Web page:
• If P(t) is a Formula, then so are t P(t) andt P(t)

  • Equivalences

    • (P  Q)  P   Q

    • (P  Q)  P   Q

    • t P(t)   (t ( P(t)))

    •  t P(t)   ( t ( P(t)))


Tuple calculus3

Tuple Calculus

  • Safety

    • Math is too powerful; we can easily phrase expressions that describe infinite sets

      {t | t  enroll}

    • These expressions are called unsafe

    • When we are dealing with finite sets, unsafe expressions happen in expressions that involve negation ()

    • We can avoid this problem by using an entirely positive (non-negated) scope as the first operand of any conjunction where we use negation. The first operand establishes the scope and the second one filters the established scope.

      {t | t  enroll  t[course#]  CMSC-420}


Domain calculus

Domain Calculus

  • Another form of relational calculus

  • Uses domain variables that take values from an attribute’s domain, rather than values representing an entire tuple

  • Closely related to tuple calculus

  • Domain Calculus serves as the theoretical basis for the query language QBE, just as the relational algebra we examined earlier forms the basis for SQL

  • Expressions are of the form:

    {< x1, x2, x3, ..., xn> | P( x1, x2, x3, ..., xn) }


Domain calculus1

Domain Calculus

  • Atoms

    • < x1, x2, x3, ..., xn>  R

    • x  ywhere x,y are domain variables and

        {, , , , , }

    • x  cwhere c is a constant

  • Formulas

    • an atom is a formula

    • If P and Q are formulas, then so are (P), P, PQ, PQ, and PQ

    • If P(x) is a formula and x is a domain variable, then x P(x) andx P(x) are also formulas


Domain calculus2

Domain Calculus

  • Queries are of the form:

    {< x1, x2, x3, ..., xn> | P( x1, x2, x3, ..., xn) }

  • Examples

    {<ss#, course#, semester> | Enroll(ss#, course#, semester)}

    {<x, y, z> | Enroll(x, y, z)  y = CMSC-424}


Reductions of relational algebra and calculi

Reductions of Relational Algebra and Calculi

  • Relational Algebra (sections 3.2-3.5), Tuple Calculus (section 3.6), and Domain Calculus (section 3.7) can be reduced to each other: they have equivalent expressive power. For every expression in one, we can compute an equivalent expression in the others.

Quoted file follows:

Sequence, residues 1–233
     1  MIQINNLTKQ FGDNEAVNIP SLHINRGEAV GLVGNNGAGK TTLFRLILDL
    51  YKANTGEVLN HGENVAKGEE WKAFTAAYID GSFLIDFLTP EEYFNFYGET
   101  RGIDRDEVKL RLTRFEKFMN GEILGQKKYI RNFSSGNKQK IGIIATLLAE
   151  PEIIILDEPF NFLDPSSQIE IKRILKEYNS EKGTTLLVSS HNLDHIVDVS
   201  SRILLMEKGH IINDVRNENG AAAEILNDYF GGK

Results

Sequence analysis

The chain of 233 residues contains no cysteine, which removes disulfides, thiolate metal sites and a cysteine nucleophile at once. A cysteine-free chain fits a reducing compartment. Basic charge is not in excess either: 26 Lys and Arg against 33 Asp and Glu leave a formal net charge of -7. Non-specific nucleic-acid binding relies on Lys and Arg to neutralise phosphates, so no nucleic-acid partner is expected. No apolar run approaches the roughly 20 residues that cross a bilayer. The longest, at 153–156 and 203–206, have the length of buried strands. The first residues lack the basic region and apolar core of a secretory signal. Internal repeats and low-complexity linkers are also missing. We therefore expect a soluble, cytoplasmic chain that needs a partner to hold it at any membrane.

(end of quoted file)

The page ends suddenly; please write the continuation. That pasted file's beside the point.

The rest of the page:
Functional dependencies

Functional Dependencies

  • Important concept in differentiating good database designs from bad ones

  • FD is a generalization of the notion of keys

  • An FD is a set of attributes whose values uniquely determine the values of the remaining attributes.

    Emp(eno, ename, sal)key FDs:eno => ename

    Dept(dno, dname, floor)eno => sal

    Works-in(eno,dno, hours)(eno,dno) => hours

    dno => dname

    dno => floor


Functional dependencies1

Functional Dependencies

  • If   R and   R, then  =>  holds in the extension r(R) of R iff for any pair t1 and t2 tuples of r(R) such that t1()=t2() , then it is also true that t1() = t2()

  • We can use FDs as

    • constraints we wish to enforce (e.g., keys)

    • for checking to see if the FDs are satisfied within the database

      R(A BC D)

      1 11 1A => Bsatisfied?no

      1 21 2A => Csatisfied?yes

      2 22 2C => Asatisfied?no

      2 32 3AB => Dsatisfied?yes

      3 32 4


Functional dependencies2

Functional Dependencies

  • Trivial dependencies: => 

     =>  if   

  • Closure

    • we need to consider all FDs

    • some are implied by others; e.g., FDs are transitive; if A=>B and B=>C, then A=>C

    • Given F = set of FDs, we want to find F’ (the closure of all FDs logically implied by F)


Armstrong s axioms

Armstrong’s Axioms

  • Reflexivityif    then  => 

  • Augmentationif  =>  then   

  • Transitivityif  =>  and  =>  then  => 

    Armstrong’s Axioms can be used to derive three additional useful rules:

  • Union ruleif  =>  and  =>  then  => 

  • Decomposition ruleif  => then  =>  and  => 

  • Pseudotransitivity ruleif  =>  and  =>  then  => 


Fd example

FD Example

R(A, B, C, G, H, I)

F=(A=>B

A=>C

CG => H

CG => I

B => H )

F+=(A => Htransitivity: A => B => H

CG => HIunion rule: CG => H, CG => I

AG => Iaugmentation: A=> C, AG => CG => I

AG => H )augmentation: A=> C, AG => CG => H


Closure of attribute sets

Closure of Attribute Sets

  • Useful to test if an attribute set is a superkey

  • the closure + of a set of attributes  under F is the set of all attributes that are functionally determined by 

  • there is an algorithm to compute the closure

    R(A, B, C, G, H, I) F=(A=>B, A=>C, CG => H, CG => I, B => H )

    Example: Algorithm to compute (AG)+

    starts withresult=(AG)

    A=>B expandsresult=(AGB)

    A=>C expandsresult=(AGBC)

    CG=>H expandsresult=(AGBCH)

    CG=>I expandsresult=(AGBCHI)

    B=>H causes no more expansion


Uses of attribute closure

Uses of Attribute Closure

  • Testing for superkey

    • to test if  is a superkey, compute + and determine if + contains all attributes of R

  • Testing functional dependencies

    • to check if a functional dependency  =>  holds, (is in F+) just check to see if   +

    • in other words, we compute + using attribute closure, and then check if the result contains .

    • Simple, cheap, and useful test.